Tag Archives: Glen Eira City Council

Caulfield South – Planning Conference Abandoned

A remarkable turn of events at last night’s (2/7/2018) Planning Conference for a development at 2 Pearce Street, South Caulfield*.   Before the standard preliminaries were completed, the South Caulfield Action Group (SCAG) and residents requested and voted to abandon the Planning Conference  with  Council agreeing to re-start the planning permit approval process.**

The major sticking point being that just prior (hours) before the Conference commenced, SCAG learnt that amended development plans had been submitted to Council (29/6/2018) and residents had not been advised of either the amended plans or their content.  Consequently, SCAG and residents objections would be based on plans that were no longer applicable.

Cr. Hyams (the Conference Chair), after advising that the changes were not considered significant, asked the Planning Officer to outline the changes.  The changes being

  • The basement car park had previously “protruded” (no specifics provided) into the garden area due to an interpretation of the Planning Minister ‘s garden area requirements by the developer. Clarification had been sought  from the  Department of Environment, Land, Water and Planning and resulted in changes that removed the protrusion.
  • Since the area is subject to an SBO, Melbourne Water had requested an increase in building height of 300mm/30 cm to elevate the ground floor level for flood mitigation purposes. Despite this height increase, the building height remained below the maximum height limit (11m) for the General Residential Zone (GRZ).

Summarised residents comments are

  • that the area, originally developed for workers cottages, is typified by lot sizes of 750 sqm resulting in approx. a metre separating individual dwellings.  The proposed changes could have implications for more properties than those immediately abutting the development.
  • residents had, in a short time, undertaken a very steep planning learning curve to come to grips with both the GE’s planning scheme and the plans presented. They should be given sufficient time to review the changes and assess their implications – to ask them to do so based on the scant information presented  was to ask them to make a compromise they should not be asked to make.
  • Given that the planning permit application was lodged with Council 25/01/2018, their request for time to review and assess the implications of both changes (drainage and already significant overshadowing on adjoining properties) was in accordance with the Local Government Act 1989 (Part 1 a – Local Government Charter, Section 3c – e & g) and reasonable .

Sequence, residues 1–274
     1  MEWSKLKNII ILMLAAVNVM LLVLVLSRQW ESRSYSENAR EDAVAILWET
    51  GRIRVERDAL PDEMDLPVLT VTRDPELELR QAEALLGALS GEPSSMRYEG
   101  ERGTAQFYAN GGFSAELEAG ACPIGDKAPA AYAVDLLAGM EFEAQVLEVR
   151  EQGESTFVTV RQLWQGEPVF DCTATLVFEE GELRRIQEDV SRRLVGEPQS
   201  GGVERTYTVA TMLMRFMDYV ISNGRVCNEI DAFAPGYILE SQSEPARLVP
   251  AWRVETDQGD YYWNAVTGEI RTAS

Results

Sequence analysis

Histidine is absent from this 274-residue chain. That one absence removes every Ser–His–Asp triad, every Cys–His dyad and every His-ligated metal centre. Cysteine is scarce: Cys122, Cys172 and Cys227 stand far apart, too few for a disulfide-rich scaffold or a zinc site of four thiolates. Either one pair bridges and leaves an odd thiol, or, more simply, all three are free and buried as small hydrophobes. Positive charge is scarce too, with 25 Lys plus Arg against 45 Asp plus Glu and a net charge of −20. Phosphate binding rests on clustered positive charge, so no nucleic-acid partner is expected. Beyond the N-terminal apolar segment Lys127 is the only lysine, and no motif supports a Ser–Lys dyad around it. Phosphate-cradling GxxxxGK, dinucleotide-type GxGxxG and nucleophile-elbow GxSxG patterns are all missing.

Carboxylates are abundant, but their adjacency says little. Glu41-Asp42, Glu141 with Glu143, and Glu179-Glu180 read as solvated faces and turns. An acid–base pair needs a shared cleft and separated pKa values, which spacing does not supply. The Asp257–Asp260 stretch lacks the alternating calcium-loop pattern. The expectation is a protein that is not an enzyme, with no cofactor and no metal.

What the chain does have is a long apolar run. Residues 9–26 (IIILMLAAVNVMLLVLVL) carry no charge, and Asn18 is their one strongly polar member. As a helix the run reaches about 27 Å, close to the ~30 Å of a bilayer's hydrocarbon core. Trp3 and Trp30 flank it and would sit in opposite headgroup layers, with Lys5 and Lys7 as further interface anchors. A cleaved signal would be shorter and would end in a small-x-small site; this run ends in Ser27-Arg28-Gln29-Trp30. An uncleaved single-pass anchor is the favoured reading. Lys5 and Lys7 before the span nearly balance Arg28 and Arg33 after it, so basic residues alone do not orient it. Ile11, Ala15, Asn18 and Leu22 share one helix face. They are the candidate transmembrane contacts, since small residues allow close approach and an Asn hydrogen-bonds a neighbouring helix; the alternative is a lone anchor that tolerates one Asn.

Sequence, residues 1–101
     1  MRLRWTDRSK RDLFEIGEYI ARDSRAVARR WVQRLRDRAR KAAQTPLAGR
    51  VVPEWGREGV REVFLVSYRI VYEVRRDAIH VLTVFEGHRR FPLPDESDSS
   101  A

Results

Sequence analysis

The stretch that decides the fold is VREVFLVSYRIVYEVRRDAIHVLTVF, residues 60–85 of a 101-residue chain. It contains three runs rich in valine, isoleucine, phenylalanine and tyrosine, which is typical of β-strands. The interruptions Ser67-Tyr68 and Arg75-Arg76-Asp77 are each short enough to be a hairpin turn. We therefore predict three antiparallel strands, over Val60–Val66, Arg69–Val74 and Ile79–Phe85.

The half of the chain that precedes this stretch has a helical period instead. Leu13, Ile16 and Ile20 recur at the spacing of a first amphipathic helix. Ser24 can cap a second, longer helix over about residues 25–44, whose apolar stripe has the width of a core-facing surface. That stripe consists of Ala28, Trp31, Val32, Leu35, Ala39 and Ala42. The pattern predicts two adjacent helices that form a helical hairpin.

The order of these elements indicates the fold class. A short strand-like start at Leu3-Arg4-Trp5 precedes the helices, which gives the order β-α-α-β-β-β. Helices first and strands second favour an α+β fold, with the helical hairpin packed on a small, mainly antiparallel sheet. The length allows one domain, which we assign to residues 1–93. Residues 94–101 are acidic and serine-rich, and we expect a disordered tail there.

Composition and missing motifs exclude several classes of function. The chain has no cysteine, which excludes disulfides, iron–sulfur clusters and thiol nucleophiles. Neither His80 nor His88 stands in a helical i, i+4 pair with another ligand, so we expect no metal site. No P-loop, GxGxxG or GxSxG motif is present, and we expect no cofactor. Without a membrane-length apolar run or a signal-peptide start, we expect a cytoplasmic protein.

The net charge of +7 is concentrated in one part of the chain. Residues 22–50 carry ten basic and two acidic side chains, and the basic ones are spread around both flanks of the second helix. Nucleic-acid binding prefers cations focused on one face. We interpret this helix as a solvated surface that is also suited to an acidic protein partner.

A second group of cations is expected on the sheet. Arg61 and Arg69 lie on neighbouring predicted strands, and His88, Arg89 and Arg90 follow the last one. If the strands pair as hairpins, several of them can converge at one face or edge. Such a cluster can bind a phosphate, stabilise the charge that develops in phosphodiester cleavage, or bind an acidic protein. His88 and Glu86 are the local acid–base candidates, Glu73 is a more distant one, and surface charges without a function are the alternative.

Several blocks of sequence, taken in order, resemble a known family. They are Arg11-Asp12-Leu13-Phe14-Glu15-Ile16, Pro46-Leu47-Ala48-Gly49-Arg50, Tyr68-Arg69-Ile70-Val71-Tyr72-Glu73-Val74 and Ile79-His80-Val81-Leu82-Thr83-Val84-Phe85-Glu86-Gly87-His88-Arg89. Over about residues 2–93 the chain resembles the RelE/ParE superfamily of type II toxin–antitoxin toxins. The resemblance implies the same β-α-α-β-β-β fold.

GERA congratulates SCAG and residents for their well presented arguments and maintaining an amicable meeting.   We also congratulate Council for acceding to the residents request.

As an aside, after the decision to abandon the Conference had been made, discussions continued.   SCAG members,  commented that very few of the approx. 300 local residents they had contacted were aware that in 2013 their area had been zoned GRZ1 or GRZ2 (ie. suitable for 3 storey multi-unit developments).    This discussion between the residents and Cr. Hyams will be the topic of a subsequent post.

The South Caulfield Action Group (SCAG) can be contacted via email:  scag.sthcaulfield.action.group@gmail.com

 

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Footnotes:

*3 stories, comprising 5 dwellings above basement car parking and waiver of visitor car parking.  Lot size is 750 sqm and the lot is subject to a Special Building Overlay (SBO – area prone to storm water overflow and flooding)

**  Since the development is not considered to be “major”, the 60 day time Council decision time line is not applicable, hence, Council can “re-start” the approval process.

Caulfield South Activity Centre – Community Gathering 27/06/2018

 

IMPORTANT MEETING

7 pm tomorrow, Wednesday 27/6

The South Caulfield Action Group (SCAG) have invited our State MP, Mr David Southwick, together with our Camden Ward Councillors,  Joel Silver and Dan Sztrajt, to hear our stories. They need to understand why we signed the petition.

Now is the time for our voices to be heard. We need to demonstrate that there are many people concerned about the future of Caulfield South Neighbourhood Centre.

For further information and meeting details please email:  scag.sthcaulfield.action.group@gmail.com

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GERA was recently contacted by residents opposing a 3 storey (5 dwellings above basement car parking) development proposal in Pearce Street, Caulfield South.  However, as they “dug deeper” the residents not only learnt a lot about GE’s Planning inadequacies but also became increasingly concerned about

  • the lack of residents awareness of planning issues,